Secrets of Chatsworth

Secrets of Chatsworth

Step Inside the Home of the Dukes of Devonshire

DVD - 2013
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Over five centuries, Chatsworth Estate has been passed down through 16 generations of the Cavendish family and is presently the home of the current 12th Duke of Devonshire and his family.
Publisher: [United States] : PBS, 2013
ISBN: 9781608839056
Branch Call Number: DVD 728.8 SEC NVD
Characteristics: video file,DVD video,Region 1,rda
laser optical, NTSC
1 videodisc (ca. 60 min.) : sound, color ; 4 3/4 in
Alternative Title: Secrets of the manor house


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Apr 06, 2018

This is a 1936 American film directed by Archie Mayo, adapted from Robert E. Sherwood's stage play of the same name.
Alan Squier---once a respected British writer, now a disillusioned, penniless drifter---wanders into a roadside diner in the remote town of Black Mesa, Arizona.
The diner is run by Jason Maple, his daughter Gabrielle, and Jason's father.
Gabrielle's mother, a French war bride who fell in love with Jason when he was a young, handsome American serviceman, left her dull defeated husband and moved back to France when Gabrielle was a baby.
She now sends poetry to Gabrielle, who dreams of moving to Bourges, where her parents first met, to become an artist.
Alan wrote one novel, and then lived in France for eight years with a wife he stole from his publisher.
Gabrielle is instantly smitten with him.
Boze Hertzlinger, a former football player who works at the diner and has wooed Gabrielle in vain, grows jealous of Alan, who decides to leave forthwith.
He mooches a ride from wealthy tourists Mr. and Mrs. Chisholm.
After only a few minutes on the road, however, they encounter Duke Mantee, a notorious gangster fleeing a massive police pursuit.
Duke and his gang seize the Chisholms' car and drive to the diner, where Duke has arranged to rendezvous with his girlfriend, Doris.
Alan, the Chisholms, and their chauffeur soon make their way back to the diner as well.
Indifferent to the hostage situation, Alan engages Duke in lively conversation and toasts him as the last great apostle of rugged individualism.
Duke learns that Doris has been captured, and has revealed their intended rendezvous location.
As police converge on the diner, Duke prepares to flee, announcing that he will take Mr. and Mrs. Chisholm with him.
Inspired by Boze's act of courage, Alan has an inspiration.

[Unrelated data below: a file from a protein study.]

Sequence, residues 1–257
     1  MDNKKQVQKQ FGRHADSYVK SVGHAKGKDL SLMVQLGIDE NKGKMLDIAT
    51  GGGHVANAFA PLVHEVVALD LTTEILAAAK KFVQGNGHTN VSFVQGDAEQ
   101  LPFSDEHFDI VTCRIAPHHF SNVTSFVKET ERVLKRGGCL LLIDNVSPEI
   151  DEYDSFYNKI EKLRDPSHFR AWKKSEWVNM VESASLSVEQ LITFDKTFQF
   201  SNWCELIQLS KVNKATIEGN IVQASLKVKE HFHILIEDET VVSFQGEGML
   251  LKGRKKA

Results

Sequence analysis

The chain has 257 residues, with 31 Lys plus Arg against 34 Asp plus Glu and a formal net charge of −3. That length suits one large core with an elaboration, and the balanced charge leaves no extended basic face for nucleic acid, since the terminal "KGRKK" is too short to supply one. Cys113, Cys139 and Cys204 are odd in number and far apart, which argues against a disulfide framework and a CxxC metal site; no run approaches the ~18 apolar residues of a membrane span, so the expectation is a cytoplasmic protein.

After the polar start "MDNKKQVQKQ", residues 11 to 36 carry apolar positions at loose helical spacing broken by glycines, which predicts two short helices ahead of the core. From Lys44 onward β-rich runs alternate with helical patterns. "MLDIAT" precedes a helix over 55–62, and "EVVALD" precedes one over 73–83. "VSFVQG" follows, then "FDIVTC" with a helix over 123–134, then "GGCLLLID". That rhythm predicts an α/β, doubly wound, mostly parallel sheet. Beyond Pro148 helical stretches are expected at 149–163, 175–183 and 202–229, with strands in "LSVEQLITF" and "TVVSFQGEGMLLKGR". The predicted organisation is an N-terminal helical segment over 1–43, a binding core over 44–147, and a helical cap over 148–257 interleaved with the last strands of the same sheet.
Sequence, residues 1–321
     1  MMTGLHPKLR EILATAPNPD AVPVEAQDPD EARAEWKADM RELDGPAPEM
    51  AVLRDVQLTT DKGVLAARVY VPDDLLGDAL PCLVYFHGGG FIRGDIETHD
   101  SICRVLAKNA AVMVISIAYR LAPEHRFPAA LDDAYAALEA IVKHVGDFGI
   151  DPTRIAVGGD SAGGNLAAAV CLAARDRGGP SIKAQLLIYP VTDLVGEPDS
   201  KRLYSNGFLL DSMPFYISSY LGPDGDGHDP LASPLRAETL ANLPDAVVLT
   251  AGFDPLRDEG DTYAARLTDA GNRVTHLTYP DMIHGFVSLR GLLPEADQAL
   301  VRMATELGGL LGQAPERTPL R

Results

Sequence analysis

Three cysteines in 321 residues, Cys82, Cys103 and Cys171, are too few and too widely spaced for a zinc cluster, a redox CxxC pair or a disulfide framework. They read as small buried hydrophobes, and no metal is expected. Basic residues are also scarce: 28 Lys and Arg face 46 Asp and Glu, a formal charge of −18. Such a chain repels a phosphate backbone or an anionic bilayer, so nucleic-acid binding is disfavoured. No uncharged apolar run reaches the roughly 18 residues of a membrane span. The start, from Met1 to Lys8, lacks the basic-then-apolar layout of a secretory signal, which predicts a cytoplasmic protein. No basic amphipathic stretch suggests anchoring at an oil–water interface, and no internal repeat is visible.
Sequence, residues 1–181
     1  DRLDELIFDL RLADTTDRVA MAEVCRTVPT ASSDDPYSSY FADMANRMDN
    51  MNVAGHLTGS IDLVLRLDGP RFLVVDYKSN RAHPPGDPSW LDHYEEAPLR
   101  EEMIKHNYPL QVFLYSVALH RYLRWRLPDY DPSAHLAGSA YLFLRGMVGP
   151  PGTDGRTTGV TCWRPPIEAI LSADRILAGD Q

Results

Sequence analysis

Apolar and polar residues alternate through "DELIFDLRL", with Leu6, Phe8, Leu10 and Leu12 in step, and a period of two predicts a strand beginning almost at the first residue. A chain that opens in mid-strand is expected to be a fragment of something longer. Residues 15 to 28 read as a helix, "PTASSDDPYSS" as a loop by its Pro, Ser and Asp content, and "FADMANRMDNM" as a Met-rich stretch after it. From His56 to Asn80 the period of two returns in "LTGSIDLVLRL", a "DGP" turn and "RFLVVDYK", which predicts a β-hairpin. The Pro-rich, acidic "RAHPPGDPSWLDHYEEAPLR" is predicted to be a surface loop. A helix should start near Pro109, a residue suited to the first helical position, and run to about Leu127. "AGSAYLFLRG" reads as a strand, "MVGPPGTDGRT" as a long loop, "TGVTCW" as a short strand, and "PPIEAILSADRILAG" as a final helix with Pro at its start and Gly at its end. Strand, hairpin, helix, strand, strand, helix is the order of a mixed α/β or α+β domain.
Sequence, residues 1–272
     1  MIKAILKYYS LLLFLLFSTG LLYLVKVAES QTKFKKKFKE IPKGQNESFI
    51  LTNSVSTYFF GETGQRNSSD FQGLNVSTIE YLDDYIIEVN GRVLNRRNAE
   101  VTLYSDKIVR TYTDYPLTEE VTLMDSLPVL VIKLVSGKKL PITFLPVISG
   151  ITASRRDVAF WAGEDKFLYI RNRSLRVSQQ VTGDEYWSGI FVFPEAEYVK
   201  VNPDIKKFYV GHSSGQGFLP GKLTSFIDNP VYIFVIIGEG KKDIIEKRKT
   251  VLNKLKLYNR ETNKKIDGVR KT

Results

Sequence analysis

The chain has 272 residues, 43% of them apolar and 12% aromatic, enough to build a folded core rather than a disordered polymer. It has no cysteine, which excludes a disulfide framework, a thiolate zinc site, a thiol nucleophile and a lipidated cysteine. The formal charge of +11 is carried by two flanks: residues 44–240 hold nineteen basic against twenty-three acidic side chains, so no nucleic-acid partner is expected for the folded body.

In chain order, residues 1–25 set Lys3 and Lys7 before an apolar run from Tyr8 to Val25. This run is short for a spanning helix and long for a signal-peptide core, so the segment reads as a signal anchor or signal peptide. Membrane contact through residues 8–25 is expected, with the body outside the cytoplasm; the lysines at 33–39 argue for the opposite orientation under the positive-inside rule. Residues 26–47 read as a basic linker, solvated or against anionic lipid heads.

While Gabrielle is in the back room bandaging Boze's hand, he produces a life insurance policy from his bag and amends it, making Gabrielle the beneficiary.
Then he asks Duke to kill him so that Gabrielle can use the insurance money to realize her dream of moving to France.
Duke obliges, then leaves with his human shields.
Alan dies in Gabrielle's arms.
Alan's inspiration seems to me an absolutely foolish act.
So does the whole movie.

Apr 05, 2018

Directed by Susannah Ward in 2013, this 60-minute documentary delves into the secrets and tragedies of Chatsworth---home of the Dukes of Devonshire---one of the grandest aristocratic dynasties in England.
The tales of intrigue, tragedy and scandal of this great family seem inextricably interwined with those of the house itself, from the decadent life of the shockingly glamorous Duchess Georgiana to the tumultuous love story between JFK's favorite sister Kathleen and Billy Cavendish.
It is an amazing and fascinating film.
If you're a British history buff, this is a must-see.

Sep 15, 2015

Very interesting documentary.

Sep 07, 2015

I saw the dvd, and I had liked it
this is for everyone to watch

Apr 09, 2013

interesting doc about the era of the wealthy, land-owning aristocracy and their manor homes and the many servants that it took to run them, and how it all begins to fall apart.

Mar 29, 2013

With Downton fever about, this brief documentary really pulls together the best elements of the overall structure & history of this unique period. What I love is they visit Manderston, which was the location for Manor House series.

Dec 07, 2012

This fits right into the background of Downton Abbey.

Dec 04, 2012

PBS has a well deserved reputation for doing documentaries right, and that certainly holds up here. This concerns itself with the manor house lifestyle primarily in the Edwardian era. It examines the period through the social, political, and economic aspects, giving plenty of background on the aristocratic system in England and the life of the servants who kept such places running, stressing the rigid status that had to be adhered to. The documentary also explores the reasons for the decline of the manor society in the wake of monumental change. Highly informative and well worth having a look.

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